Populism has become, somewhat unexpectedly, a hot sociopolitical topic. Journalists find it everywhere. It is generally identified as an anti-elitist position born out of popular frustrations with the failures of liberal democracy — to which it is sometimes seen as a corrective. Not so, argues Princeton’s Jan-Werner Müller. Populism does not correct democracy; populism erodes it. Müller quite literally wrote the book on this subject; his seminal What Is Populism? is essential contemporary reading. We spoke with Müller about the real meaning — and the real menace — presented by this political phenomenon.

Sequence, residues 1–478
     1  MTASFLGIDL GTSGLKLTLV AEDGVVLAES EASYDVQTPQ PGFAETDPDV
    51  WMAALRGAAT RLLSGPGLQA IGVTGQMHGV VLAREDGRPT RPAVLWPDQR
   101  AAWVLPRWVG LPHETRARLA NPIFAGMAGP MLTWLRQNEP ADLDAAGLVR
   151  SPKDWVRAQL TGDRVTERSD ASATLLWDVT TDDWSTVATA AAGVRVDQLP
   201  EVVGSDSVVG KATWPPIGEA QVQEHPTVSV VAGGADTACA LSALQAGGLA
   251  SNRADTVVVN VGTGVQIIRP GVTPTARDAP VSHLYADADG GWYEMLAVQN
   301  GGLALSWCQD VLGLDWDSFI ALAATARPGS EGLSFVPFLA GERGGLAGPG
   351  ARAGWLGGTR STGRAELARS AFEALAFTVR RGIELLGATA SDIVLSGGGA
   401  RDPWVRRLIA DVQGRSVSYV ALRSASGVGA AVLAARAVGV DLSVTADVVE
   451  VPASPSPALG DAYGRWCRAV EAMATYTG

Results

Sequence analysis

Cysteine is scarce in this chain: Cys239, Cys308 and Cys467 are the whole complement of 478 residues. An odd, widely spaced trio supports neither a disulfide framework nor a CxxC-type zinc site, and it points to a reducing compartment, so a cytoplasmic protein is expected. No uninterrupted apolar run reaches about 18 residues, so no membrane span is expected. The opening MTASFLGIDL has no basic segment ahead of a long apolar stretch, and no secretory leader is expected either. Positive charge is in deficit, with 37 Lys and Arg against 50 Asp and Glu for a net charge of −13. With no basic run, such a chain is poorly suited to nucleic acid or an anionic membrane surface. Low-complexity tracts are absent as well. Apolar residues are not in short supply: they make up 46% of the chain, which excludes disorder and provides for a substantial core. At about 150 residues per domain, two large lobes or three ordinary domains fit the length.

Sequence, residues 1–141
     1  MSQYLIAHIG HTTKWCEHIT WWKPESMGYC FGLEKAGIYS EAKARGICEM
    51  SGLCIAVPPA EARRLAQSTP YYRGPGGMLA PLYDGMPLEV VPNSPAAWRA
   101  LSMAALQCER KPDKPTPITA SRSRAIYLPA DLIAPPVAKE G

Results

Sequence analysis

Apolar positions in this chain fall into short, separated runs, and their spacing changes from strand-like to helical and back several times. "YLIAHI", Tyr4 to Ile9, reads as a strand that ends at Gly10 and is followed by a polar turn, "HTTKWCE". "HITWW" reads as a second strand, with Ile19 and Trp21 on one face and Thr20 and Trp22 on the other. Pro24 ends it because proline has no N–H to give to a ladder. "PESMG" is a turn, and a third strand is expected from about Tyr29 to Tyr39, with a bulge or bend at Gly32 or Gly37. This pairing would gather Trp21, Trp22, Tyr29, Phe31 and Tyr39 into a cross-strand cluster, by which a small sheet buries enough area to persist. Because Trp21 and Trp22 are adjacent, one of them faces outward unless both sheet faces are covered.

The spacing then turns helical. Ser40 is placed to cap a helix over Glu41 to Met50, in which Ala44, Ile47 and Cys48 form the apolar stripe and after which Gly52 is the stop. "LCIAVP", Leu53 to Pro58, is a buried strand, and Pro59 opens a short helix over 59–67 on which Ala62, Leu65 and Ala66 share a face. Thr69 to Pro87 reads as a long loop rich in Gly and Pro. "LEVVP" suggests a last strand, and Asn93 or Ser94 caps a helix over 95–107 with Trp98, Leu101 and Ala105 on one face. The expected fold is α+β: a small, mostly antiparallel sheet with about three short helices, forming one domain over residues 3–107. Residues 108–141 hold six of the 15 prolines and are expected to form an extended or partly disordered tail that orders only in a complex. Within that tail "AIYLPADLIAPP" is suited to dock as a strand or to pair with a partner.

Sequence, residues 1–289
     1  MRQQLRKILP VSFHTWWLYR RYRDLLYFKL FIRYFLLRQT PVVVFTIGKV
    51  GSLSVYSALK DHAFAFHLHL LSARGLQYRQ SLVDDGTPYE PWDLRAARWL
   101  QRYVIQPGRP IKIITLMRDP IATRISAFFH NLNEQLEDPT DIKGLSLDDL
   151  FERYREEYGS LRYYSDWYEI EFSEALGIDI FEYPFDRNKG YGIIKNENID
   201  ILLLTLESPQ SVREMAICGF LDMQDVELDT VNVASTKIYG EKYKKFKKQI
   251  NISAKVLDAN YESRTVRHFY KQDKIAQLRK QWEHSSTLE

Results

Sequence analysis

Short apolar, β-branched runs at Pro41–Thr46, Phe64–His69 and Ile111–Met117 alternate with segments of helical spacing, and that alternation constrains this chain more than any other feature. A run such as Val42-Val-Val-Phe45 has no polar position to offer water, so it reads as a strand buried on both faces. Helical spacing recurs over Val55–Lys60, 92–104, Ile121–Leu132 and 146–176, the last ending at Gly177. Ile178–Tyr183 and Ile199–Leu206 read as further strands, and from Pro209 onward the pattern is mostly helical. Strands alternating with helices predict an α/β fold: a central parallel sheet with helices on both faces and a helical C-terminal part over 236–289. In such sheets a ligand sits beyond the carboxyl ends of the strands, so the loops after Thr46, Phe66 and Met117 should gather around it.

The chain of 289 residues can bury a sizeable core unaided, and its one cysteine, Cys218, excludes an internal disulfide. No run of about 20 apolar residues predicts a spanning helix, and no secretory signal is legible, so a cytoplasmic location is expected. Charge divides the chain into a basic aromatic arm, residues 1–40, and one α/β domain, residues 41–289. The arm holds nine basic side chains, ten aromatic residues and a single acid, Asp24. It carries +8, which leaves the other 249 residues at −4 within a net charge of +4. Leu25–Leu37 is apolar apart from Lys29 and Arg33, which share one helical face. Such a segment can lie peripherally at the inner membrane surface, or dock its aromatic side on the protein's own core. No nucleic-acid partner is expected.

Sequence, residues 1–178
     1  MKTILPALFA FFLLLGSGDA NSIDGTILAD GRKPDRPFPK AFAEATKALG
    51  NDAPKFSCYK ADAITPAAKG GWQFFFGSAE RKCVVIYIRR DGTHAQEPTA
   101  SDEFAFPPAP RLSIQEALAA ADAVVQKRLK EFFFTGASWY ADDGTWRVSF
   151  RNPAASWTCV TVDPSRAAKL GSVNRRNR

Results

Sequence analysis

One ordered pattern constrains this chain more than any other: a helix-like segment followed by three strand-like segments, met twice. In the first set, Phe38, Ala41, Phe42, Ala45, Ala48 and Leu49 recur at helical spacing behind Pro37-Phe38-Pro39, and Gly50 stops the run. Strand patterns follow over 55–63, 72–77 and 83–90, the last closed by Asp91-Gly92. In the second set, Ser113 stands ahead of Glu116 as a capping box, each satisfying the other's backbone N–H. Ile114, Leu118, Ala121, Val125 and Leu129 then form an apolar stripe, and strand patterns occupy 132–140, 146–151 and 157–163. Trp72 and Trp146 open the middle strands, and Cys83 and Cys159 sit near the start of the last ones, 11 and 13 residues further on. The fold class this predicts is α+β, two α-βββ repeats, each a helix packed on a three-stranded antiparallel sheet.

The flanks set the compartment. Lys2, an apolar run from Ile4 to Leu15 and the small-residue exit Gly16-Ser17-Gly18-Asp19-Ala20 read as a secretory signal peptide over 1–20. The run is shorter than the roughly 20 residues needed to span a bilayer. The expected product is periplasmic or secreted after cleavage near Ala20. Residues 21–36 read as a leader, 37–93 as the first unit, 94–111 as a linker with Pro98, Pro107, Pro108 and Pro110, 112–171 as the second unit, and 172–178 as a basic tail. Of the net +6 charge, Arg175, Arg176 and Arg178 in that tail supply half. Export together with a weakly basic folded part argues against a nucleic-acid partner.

Octavian Report: What is populism and why is it so widely misunderstood?
Jan-Werner Müller: Contrary to conventional wisdom today, not everybody who criticizes elites or “the establishment” is necessarily a populist who somehow poses a danger to democracy.